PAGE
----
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I am looking for information, please, about Walter Bell who is listed in the 1821 Census, aged 38, a farmer, and living with a daughter named Ann, aged 10, in Derrylovin Lurg, Drumbulkin. I have not yet found birth certificates for Walter or Ann.

I would also like information about Ann if there is any to be found, please. Was her age possibly rounded up/down to the nearest x years for purposes of the census?

No mother is specified for Ann, and no spouse specified for Walter, in the listing on the census.

Who might Ann's mother be? Where might Ann's mother be on the day of the census?

Does Walter already have a spouse at this time? If yes, who might she be and where might she be? 

I have found a possible marriage for Ann on IGP-Web, with a date in 1826 (which if her age in 1821 is accurate, would make her a young bride in 1826). In that record, Ann is from Drumbulkin and marries a James Woods at CoI Derryvullan North. I have not found who the parents are for Ann.

Could this Walter Bell be, or be related to, the Walter Bell that I am searching for who married Margaret Johnstone (and has a daughter named Sarah Bell, who married George Birney)?

Also, could this Walter Bell be a Walter Bell that married Mary Kelly? I am trying to work out whether the Walter Bell I am looking for possibly married both Mary Kelly and Margaret Johnstone, or not. DNA in my family tree seems to point to a Walter Bell with Mary Kelly and a Walter Bell with Margaret Johnstone, and I have not found any link as to whether Walter Bell and Walter Bell are the same person or two separate individuals who are somehow related to each other yet (father-son, uncle-nephew, cousins, etc).

There is a housekeeper named Eliza Buchanan, and a labourer named James Corrigan, listed as being at the property on the day of the census, if I'm understanding the listing correctly. I am not sure whether they might have any family-based relationships to Walter or Ann - are there possibilities?

Thanks in advance for any pointers anyone might be able to give.


Monday 4th Apr 2022, 09:47AM

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  • The townland where the family lived in 1821 was Drumbulkin (more commonly Drumbulcan).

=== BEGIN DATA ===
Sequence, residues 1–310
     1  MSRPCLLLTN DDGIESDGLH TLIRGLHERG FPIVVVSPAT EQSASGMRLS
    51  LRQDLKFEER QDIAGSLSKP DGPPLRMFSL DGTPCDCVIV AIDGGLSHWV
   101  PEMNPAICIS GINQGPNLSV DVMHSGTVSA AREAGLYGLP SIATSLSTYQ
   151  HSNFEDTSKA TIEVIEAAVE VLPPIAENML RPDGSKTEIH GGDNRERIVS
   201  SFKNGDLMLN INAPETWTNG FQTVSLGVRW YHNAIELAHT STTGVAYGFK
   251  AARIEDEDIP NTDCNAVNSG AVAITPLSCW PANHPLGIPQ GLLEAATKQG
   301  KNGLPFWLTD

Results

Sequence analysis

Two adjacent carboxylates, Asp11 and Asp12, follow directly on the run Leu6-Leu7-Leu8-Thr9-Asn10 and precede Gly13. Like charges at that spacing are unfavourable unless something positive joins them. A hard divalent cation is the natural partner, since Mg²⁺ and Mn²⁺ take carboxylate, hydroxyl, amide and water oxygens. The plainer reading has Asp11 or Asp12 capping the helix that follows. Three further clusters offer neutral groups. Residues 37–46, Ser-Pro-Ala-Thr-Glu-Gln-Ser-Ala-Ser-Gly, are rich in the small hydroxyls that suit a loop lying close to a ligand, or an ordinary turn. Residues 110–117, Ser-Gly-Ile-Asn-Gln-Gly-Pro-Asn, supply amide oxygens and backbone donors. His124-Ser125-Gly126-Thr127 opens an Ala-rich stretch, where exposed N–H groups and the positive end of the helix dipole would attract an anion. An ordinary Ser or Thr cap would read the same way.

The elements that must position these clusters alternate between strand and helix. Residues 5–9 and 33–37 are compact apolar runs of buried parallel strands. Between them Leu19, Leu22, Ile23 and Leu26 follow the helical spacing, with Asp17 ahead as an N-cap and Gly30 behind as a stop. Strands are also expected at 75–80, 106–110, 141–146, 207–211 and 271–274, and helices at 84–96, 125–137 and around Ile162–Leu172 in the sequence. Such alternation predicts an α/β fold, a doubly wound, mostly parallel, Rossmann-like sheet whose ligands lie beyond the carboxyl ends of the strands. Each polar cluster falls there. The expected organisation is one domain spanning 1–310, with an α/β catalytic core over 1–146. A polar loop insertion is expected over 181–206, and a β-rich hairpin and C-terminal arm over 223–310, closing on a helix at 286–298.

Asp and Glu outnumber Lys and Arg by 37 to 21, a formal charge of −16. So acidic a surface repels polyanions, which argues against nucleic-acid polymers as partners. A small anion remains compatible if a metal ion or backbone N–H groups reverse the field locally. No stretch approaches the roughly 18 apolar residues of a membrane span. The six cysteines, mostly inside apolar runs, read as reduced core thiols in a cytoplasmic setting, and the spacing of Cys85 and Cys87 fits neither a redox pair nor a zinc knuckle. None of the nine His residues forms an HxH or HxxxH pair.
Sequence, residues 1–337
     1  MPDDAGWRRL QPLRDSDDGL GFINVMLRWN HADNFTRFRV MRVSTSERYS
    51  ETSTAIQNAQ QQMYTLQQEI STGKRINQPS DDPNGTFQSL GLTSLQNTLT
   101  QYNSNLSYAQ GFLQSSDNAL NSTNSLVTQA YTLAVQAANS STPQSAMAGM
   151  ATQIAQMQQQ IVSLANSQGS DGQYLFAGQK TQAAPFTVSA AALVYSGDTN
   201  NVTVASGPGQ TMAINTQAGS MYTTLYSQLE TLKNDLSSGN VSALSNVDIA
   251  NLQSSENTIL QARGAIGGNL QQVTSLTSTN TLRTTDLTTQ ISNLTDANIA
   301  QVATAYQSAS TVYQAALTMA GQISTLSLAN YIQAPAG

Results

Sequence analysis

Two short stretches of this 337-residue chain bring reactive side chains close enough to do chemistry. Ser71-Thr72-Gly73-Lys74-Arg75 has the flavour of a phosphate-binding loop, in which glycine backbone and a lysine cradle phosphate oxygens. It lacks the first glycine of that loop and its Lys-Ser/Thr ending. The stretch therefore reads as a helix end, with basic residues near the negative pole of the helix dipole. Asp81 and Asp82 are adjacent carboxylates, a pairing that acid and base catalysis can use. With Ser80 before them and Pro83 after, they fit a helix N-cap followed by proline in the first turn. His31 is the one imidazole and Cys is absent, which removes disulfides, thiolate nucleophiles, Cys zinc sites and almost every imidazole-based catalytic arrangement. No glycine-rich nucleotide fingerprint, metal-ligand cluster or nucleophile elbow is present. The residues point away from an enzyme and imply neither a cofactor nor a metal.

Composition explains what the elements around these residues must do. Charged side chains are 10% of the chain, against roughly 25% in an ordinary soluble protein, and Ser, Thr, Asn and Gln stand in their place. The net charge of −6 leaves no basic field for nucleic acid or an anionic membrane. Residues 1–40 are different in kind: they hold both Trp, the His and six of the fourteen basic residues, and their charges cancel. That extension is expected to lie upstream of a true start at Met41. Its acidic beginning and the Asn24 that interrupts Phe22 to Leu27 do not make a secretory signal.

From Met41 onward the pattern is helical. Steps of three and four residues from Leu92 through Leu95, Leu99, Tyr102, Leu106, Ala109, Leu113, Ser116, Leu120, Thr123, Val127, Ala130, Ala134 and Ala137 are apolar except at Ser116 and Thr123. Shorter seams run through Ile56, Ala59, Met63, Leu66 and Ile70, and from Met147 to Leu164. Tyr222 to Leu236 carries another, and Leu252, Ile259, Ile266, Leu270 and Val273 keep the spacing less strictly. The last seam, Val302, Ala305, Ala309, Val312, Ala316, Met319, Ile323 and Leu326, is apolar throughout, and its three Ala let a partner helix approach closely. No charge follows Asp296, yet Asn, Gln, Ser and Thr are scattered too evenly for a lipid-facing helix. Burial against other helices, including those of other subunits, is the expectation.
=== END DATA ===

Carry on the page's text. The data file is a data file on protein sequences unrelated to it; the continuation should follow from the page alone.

In the 1835 tithe applotment records there were 4 Bell farms in the townland, held by Watty (?Walter), John senior, John junior & James.

    By the time of Griffiths Valuation in 1862 there were just two Bell households, both farms. James had plot 1 which was 11 acres and Johnston had plots 4 & 5, a total of 17 acres.

    By the time of the 1901 census there was just 1 Bell farm in the townland:

    That was Edward Bell & Ann Mulligan who married in 1881. His father was William.

    You won’t find birth certificates for Walter or Ann as they hadn’t been introduced. They only started in 1864 in Ireland. You might find baptisms where the records exist. The family looks to have been Church of Ireland. Drumbulcan is in the parish of Derryvullan North. Their baptism, marriage & burial records start in 1803, so too late for Walter’s baptism. You might find Ann’s though, if born there c 1810. I had a look at the records but did not find her:

    You ask where Walter’s wife was on census night. The most likely explanation is probably that she was dead. That seems especially likely as he had employed a housekeeper. You wouldn’t need one if your wife was alive. Normally, anyway. I searched the Drumbulcan COI burial records 1810-1821 but did not find a death that might fit. I did note an un-named Bell death in the townland on 17.8.1807: